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post #76 of 92
You've done a nice job of dancing around what I've said. The problem is, though, that I have done nothing to prove your point and you refuse to explain why you think rock musicians have done nothing to change music.

The fact that you are adamant that the idea of natural constancy is applicabe to things that are purely subjective is problematic. For example, take one of the most fundamental things to music: scale. If constancy applied here, there'd be a universal scale, but there isn't. The traditional Chinese musical scale has ten steps per octave, while the Western has twelve. And there are others.

Basic aesthetic concepts have been around forever, far longer than Mozart or Shakespeare. What IS new is how they are applied, which is why when new genres arise new applications and combinations may be considered genius. Mozart and Shakespeare didn't do anything that hadn't been done since our brains were this size, they just did those things within new genres.
post #77 of 92
Quote:
Originally Posted by Teacher View Post

The fact that you are adamant that the idea of natural constancy is applicabe to things that are purely subjective is problematic. For example, take one of the most fundamental things to music: scale. If constancy applied here, there'd be a universal scale, but there isn't. The traditional Chinese musical scale has ten steps per octave, while the Western has twelve. And there are others.

What you're saying here is that mathematics and science are subjective because an inch is different from a centimeter.
post #78 of 92
Quote:
Originally Posted by why View Post

You're right, I don't. It's just a facade for something else (that something else depends on the subject).
You helped to demonstrate my point of (a) when you responded to it, and (b) I can't think of any rock musician off the top of my head that made any significant advances in music (that doesn't mean I don't enjoy listening to it, though, and I think a lot of people ridiculing my argument aren't doing so on its merits but rather that they feel their preferences are being belittled).

Are you saying that to be called 'genius', you have to have advanced your field?

How do you feel about Bob Dylan re: folk music in this case?
post #79 of 92
What why is trying to say is that only those who work in a field where accomplishment can be measured by TRUE or FALSE, 1 or 0, are eligible for genius status.

I propose that those scientists who step away from the lab and opine on other subjects, with the expectation that the public should consider it more than lay opinion of an average joe, should have their genius points reduced. Pauling, Oppenheimer, Einstein, for starters.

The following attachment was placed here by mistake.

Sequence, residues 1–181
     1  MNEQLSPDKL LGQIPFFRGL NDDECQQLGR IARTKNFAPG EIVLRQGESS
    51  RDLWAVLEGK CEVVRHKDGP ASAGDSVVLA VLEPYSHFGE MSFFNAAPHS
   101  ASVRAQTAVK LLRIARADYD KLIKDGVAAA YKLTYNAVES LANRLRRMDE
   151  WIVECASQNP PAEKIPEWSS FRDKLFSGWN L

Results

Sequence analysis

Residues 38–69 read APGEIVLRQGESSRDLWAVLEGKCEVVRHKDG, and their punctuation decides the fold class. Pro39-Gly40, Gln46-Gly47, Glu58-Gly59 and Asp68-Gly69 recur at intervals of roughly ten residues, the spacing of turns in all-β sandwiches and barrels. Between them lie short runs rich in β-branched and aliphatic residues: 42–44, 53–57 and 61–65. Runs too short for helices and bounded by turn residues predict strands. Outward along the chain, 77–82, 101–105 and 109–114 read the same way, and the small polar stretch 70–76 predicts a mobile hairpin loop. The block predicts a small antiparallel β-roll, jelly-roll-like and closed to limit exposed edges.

post #80 of 92
Quote:
Originally Posted by Thomas View Post

Are you saying that to be called 'genius', you have to have advanced your field?
How do you feel about Bob Dylan re: folk music in this case?

He's a fun entertainer at times (mostly around those Times that Were A-changin'). Most of his stuff was musically taken from other artists or well-established principles

In his autobiography there's something about his change to a blues sound for his later albums (after his voice was damaged from constant touring) was after he walked into a blues bar and noticed how they were singing. He changed the instrumentals to accompany the change in vocals and writes that it allows for more varied sound because 'it has to do with numbers or something' (not a direct quote).
post #81 of 92
Quote:
Originally Posted by Thomas View Post

Are you saying that to be called 'genius', you have to have advanced your field?
How do you feel about Bob Dylan re: folk music in this case?

I think of Dylan as a literary artist, in an oral tradition like Homer. I think his body of work is certainly canonical, as much as Twain or Whitman or Fitzgerald.
post #82 of 92
Thread Starter 
Do you guys think there are any cinematic geniuses, individuals who have created masterpieces that are to be known and studied for centuries to come?
post #83 of 92
Quote:
Originally Posted by HORNS View Post

Do you guys think there are any cinematic geniuses, individuals who have created masterpieces that are to be known and studied for centuries to come?

Cassavetes
post #84 of 92
Quote:
Originally Posted by why View Post

He's a fun entertainer at times (mostly around those Times that Were A-changin'). Most of his stuff was musically taken from other artists or well-established principles
In his autobiography there's something about his change to a blues sound for his later albums (after his voice was damaged from constant touring) was after he walked into a blues bar and noticed how they were singing. He changed the instrumentals to accompany the change in vocals and writes that it allows for more varied sound because 'it has to do with numbers or something' (not a direct quote).